Bank Secrecy Act Compliance

Map of Countries Under Sanction by the US Government

Compliance with regulations coming from governments and from industry associations is a big problem for our clients – whatever the industry. In working with several banks over the years, we’ve become adept at identifying gaps and designing solutions for one of the most wide-reaching regulations for such organizations: the Bank Secrecy Act – aka “BSA”.

The BSA was passed by the US Congress nearly 50 years ago. It stipulates reporting and auditing that banks must perform on themselves and their customers to identify potential money laundering, terrorist financing, and other criminal financial activities. Its requirements have only grown over the years – especially since the 2001 terrorist attacks in the US – when the federal government heightened requirements on banks and financial institutions to “partner” with it in fighting terrorists and their financial networks.

Unlike fraud – where a bank or its customers are the actual victims of monetary loss – the BSA compliance efforts are somewhat thankless in that mainly the federal government and various agencies benefit, though the burden of compliance falls on each individual bank. Nonetheless – BSA is perhaps the most critical set of regulations with which banks must comply. A bank can be blocked from critical business activities – such as merging and acquiring – until it addresses compliance gaps that regulators may find. A bank’s operating charter may even be threatened if its BSA practices are found inadequate.

Below are the key capabilities a bank must currently have to comply with the Bank Secrecy Act:

BSA Capability Description
Customer Screening – Sanctions List Match customers against known sanctions lists. There is movement in the industry to use social media, etc. to discover relationships between customers and individuals on Sanctions Lists. The Office of Foreign Assets Control (OFAC) maintains a list of sanctioned countries, which is typically the starting point for such sanctions screening.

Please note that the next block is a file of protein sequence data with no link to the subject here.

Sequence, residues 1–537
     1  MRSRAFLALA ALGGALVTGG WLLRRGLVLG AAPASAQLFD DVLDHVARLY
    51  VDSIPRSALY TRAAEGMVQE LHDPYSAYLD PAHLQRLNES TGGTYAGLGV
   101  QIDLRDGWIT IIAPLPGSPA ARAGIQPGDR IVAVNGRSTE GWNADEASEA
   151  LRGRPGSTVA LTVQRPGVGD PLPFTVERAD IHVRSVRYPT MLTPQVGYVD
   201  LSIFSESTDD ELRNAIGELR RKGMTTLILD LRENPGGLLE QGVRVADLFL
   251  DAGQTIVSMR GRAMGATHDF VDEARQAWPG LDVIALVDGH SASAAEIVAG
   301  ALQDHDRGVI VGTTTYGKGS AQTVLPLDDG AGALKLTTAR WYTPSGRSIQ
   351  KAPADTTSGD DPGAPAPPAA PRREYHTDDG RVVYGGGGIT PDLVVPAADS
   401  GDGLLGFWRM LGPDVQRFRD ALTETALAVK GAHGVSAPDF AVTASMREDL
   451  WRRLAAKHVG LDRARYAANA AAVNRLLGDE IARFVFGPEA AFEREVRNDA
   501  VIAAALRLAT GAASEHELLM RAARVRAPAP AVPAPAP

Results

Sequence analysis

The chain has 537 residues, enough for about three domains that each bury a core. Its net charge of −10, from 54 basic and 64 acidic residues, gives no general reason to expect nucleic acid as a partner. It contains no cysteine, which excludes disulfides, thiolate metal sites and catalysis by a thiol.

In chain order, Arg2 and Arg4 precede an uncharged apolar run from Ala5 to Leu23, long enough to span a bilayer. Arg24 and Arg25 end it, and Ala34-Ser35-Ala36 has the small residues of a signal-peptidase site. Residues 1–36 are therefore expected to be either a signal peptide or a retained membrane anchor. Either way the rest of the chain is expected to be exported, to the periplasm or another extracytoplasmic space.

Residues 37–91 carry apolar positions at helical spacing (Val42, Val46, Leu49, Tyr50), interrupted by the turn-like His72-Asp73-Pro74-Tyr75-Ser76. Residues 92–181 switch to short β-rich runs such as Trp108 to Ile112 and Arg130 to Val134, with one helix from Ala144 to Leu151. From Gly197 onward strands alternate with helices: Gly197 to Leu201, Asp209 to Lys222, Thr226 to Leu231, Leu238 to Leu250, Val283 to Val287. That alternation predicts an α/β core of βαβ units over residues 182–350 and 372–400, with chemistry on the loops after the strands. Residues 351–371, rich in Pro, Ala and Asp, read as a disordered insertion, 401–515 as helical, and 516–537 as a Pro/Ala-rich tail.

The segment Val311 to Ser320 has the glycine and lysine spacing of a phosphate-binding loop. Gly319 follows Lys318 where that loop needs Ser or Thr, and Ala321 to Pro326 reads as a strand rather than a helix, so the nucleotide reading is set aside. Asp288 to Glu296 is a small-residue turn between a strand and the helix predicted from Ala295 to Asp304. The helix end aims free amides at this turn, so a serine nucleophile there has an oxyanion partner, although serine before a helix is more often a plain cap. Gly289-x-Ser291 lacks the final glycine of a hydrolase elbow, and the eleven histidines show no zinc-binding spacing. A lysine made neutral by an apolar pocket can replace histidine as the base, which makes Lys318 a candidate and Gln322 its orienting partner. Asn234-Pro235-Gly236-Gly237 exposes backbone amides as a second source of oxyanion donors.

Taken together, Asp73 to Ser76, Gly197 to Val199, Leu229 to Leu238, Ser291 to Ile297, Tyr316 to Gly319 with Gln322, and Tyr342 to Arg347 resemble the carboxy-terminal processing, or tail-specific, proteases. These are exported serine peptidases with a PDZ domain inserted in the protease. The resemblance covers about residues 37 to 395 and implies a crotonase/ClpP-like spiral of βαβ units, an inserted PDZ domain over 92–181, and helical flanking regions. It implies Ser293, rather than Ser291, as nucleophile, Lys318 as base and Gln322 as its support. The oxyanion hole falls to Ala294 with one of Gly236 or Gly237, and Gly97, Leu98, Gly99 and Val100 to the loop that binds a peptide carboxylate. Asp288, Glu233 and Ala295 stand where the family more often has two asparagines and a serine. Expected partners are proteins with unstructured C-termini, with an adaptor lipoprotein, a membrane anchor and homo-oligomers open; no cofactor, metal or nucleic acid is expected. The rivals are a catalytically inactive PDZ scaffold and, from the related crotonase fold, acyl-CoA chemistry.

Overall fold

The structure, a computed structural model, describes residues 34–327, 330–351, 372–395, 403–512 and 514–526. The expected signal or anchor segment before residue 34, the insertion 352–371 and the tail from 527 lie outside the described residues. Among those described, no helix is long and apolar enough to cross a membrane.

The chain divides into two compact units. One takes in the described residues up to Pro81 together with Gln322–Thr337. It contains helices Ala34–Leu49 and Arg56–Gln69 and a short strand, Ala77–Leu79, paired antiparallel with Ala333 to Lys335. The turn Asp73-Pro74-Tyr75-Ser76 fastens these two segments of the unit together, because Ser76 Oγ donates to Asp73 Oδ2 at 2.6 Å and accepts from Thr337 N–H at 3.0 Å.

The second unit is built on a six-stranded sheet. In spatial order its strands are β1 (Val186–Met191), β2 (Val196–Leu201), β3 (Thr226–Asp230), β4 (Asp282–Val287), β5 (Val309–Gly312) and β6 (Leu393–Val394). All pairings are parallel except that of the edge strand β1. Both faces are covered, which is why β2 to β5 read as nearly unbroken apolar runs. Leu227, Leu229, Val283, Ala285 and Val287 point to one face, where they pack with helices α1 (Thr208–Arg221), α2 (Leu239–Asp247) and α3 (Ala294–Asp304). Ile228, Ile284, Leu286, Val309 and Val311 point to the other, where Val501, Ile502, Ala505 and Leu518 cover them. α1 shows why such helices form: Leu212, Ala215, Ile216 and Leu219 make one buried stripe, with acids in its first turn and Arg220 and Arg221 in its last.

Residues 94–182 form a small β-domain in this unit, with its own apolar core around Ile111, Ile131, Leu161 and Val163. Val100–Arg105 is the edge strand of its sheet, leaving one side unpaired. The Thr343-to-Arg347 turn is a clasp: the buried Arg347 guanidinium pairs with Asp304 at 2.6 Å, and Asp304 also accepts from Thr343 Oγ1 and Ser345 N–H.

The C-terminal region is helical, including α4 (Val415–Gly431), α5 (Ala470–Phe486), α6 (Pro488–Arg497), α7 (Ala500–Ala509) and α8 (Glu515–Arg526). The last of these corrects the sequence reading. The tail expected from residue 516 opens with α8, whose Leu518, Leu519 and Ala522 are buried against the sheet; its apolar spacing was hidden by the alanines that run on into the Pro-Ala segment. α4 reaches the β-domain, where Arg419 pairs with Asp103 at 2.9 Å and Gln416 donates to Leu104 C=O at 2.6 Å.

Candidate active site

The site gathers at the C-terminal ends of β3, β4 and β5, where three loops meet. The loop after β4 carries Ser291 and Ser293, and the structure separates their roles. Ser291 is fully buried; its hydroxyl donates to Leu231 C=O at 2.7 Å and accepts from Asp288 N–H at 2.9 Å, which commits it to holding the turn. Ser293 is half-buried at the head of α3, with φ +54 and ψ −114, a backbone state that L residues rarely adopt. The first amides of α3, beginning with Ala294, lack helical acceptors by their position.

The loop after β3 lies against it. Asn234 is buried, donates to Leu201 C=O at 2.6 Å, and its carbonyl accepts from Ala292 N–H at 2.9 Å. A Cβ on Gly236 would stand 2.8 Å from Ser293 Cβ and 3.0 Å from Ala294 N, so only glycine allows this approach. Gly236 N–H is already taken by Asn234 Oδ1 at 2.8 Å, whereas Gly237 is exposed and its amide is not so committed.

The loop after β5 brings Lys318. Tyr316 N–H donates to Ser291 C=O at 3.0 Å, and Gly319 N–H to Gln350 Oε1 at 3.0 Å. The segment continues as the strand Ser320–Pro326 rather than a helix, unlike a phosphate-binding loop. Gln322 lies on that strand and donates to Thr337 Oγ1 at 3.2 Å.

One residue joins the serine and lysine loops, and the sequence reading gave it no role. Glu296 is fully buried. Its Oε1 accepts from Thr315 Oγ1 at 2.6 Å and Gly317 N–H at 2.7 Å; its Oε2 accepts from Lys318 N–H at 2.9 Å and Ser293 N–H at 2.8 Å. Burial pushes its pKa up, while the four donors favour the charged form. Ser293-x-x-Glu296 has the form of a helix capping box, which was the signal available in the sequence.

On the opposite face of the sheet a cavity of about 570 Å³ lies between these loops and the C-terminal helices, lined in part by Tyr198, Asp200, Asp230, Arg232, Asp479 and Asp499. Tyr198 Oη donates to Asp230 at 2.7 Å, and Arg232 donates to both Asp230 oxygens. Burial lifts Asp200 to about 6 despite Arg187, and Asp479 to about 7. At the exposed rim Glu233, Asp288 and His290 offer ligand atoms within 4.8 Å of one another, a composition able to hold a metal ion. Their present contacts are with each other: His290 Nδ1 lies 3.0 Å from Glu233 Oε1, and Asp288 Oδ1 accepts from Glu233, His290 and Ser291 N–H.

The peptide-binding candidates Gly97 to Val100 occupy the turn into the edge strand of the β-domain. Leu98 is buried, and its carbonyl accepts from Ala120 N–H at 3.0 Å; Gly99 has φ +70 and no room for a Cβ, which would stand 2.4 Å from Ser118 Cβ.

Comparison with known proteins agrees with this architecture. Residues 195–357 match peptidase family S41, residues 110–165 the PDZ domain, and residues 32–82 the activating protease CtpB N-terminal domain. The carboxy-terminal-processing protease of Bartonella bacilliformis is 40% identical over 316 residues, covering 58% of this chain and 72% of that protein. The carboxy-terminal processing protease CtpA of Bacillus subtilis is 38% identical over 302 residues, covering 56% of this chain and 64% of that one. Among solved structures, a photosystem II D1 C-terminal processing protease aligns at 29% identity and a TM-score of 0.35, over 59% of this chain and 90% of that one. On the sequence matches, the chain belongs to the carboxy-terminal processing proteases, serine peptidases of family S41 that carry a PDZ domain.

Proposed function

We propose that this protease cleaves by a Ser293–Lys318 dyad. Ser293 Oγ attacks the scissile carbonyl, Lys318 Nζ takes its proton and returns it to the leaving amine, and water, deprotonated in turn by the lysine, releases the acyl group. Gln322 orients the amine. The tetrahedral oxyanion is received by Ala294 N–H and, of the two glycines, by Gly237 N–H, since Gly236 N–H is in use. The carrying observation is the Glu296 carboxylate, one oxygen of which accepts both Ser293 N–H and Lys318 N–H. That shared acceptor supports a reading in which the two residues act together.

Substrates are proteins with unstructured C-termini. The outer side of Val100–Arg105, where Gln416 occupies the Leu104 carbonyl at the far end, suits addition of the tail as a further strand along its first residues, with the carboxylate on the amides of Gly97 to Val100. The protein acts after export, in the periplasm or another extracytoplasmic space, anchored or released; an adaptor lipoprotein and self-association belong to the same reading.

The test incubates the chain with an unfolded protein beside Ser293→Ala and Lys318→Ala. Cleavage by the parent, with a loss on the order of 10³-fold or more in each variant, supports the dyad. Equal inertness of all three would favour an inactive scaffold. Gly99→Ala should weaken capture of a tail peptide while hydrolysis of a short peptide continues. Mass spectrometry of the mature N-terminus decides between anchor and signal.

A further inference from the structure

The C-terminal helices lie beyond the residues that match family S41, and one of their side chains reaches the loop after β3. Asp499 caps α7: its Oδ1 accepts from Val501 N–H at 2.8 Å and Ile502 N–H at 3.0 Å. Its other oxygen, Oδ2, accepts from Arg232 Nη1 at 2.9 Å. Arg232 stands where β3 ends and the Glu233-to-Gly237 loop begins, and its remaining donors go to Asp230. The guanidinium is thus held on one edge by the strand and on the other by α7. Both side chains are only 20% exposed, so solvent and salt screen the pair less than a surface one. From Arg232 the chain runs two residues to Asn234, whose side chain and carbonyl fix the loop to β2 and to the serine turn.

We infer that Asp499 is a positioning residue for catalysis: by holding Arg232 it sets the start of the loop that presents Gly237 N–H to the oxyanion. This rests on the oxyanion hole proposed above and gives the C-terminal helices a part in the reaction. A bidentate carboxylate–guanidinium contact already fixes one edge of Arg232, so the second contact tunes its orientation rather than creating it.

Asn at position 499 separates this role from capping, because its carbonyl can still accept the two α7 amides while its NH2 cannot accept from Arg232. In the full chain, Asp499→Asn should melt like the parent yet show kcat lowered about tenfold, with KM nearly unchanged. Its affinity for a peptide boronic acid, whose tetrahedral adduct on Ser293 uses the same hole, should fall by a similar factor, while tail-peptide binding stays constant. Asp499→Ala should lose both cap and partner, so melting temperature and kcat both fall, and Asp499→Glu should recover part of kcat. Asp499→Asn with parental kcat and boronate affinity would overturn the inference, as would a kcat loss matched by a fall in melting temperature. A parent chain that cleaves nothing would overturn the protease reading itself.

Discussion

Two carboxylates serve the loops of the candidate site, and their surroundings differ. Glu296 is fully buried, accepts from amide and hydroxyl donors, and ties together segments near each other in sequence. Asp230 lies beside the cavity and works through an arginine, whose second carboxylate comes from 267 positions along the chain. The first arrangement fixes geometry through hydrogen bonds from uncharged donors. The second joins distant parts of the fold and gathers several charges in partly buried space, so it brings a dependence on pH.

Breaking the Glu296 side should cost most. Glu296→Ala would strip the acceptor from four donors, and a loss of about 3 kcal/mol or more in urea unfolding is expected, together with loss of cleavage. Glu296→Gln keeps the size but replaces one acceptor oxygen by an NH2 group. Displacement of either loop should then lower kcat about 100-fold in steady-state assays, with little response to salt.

Customer Screening – Political Exposure Match customers against known Politically Exposed Persons to ensure they are risk rated and monitored appropriately.
Customer Screening – Negative Media Reports Screen customers for negative media that could damage the bank directly or indirectly
Know Your Customer An effort to learn more about individual or business customers to determine their riskiness based on the geographies they operate in, industry/occupation, anticipated transaction patterns, etc. Normally carried out via an interview completed during the on-boarding process, with questions based directly on government regulations
Customer Information Profile (CIP) Certain pieces of information must be collected from all customers unless they are exempt for some reason (e.g. they’re a minor). A process is normally put in place to discover customers missing CIP data so an operations group can reach out and collect the information
Customer Due Diligence (CDD) Standard AML due-diligence/investigation performed on all customers regardless of their risk level
Enhanced Due Diligence (EDD) More in-depth AML due-diligence/investigation performed on customers with an elevated risk level
Monetary Transaction Monitoring Daily process to proactively screen transactions which fit patterns that could indicate certain types of risky behavior. As an example, a transaction history could indicate that a customer is performing transactions with entities in a medium or high risk foreign country that was not disclosed during customer or account on-boarding.
Annual High Risk Customer Review Customers with a certain risk level are required to be reviewed on an annual basis, to ensure that they are being monitored and risk-rated appropriately
Currency Transaction Reporting (CTR) Single or aggregate monetary transactions involving currency (cash) over $10,000 USD must be reported to FinCEN
Suspicious Activity Reporting (SAR) Customers with SARs filed against them to FinCEN should be tracked and risk-rated/reviewed appropriately
Monetary Instrument Log (MIL) The MIL must indicate cash purchases of monetary instruments, such as money orders, cashier’s checks and traveler’s checks, in value totaling $3,000 to $10,000, inclusive.

To learn more about our extensive experience helping banks build and shore up these capabilities – both in the business and IT domains – reach out to us at

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Ben Sommer

was a Principal Consultant with Systems Flow, Inc.

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